This afternoon I sifted through boxes of early library records with great pleasure. This particular set of exchanges, which revolve around eight books on the Victorian writer George Meredith (who would have thought there would be so many?) that Rice had borrowed from the Library of Congress.
First Miss Alice Dean needed to get them back from the faculty member who had them. In this case it is Frederic Thomas Blanchard, who taught in Rice’s English Department for several years beginning in 1913:
She then sent them back to Washington with a nice note:
And received a polite acknowledgement of their receipt in return:
The stately pace and graciousness of this entire correspondence–even the simple acknowledgment from the Superintendent of the Reading Room–filled me with longing. It probably won’t surprise you to know that interlibrary loan was extraordinarily important in the Institute’s early years, when our own collection was in its infancy.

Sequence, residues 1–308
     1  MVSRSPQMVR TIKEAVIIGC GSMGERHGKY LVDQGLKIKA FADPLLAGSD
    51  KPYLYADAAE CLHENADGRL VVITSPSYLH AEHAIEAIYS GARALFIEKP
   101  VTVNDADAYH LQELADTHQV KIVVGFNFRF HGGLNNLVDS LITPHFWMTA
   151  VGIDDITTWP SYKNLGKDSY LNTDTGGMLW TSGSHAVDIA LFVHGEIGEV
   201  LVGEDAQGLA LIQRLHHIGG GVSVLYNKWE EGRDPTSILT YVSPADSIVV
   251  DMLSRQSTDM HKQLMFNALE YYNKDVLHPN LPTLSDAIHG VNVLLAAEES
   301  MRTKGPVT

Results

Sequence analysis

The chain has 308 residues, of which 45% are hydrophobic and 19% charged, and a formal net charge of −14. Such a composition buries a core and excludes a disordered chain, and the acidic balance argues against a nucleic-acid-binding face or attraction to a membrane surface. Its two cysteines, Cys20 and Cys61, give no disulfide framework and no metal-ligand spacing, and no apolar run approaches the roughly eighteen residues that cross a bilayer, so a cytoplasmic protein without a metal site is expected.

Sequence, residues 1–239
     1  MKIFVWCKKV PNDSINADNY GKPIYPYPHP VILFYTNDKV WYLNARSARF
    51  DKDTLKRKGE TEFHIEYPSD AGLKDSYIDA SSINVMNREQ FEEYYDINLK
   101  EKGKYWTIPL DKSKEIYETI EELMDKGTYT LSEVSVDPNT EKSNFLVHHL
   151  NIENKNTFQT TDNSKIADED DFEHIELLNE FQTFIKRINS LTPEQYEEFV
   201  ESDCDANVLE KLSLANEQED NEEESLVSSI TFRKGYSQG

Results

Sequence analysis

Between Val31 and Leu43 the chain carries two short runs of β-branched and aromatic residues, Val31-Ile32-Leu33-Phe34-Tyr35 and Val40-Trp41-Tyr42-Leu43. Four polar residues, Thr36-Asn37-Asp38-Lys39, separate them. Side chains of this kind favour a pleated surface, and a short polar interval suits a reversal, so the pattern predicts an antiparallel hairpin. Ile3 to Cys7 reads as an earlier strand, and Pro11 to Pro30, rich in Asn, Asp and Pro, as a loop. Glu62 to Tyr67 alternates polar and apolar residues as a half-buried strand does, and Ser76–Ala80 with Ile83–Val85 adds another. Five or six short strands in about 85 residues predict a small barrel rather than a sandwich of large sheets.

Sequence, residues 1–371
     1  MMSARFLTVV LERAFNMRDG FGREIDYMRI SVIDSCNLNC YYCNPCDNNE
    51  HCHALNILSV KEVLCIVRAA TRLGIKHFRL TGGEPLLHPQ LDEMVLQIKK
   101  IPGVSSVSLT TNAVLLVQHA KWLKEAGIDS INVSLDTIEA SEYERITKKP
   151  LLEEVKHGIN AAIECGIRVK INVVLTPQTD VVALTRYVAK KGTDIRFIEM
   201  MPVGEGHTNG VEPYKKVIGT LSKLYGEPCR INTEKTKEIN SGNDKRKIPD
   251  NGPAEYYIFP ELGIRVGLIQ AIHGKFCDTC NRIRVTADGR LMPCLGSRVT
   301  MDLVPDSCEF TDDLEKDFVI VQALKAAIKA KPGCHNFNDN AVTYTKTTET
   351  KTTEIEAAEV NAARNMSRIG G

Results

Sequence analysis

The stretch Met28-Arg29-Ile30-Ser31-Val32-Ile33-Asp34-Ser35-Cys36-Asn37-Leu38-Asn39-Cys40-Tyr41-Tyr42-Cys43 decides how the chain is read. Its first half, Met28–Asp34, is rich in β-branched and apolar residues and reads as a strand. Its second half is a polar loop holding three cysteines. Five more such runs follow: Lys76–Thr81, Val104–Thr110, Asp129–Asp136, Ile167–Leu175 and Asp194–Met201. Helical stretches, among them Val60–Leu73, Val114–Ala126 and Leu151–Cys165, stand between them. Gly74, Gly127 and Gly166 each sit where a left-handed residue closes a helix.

In case anyone is curious, the markings on these papers that read “19-28” relate to an internal library filing system.
Bonus: Frederic Thomas Blanchard left Rice for the University of California, where he taught English at their “Southern Branch,” later known as UCLA. I don’t know much about him except that he seems to have specialized in composition and creative writing. I did, though, come across this moving little piece about the English Reading Room at UCLA and his part in creating what Mrs. Grace Hunt nurtured into a real treasure.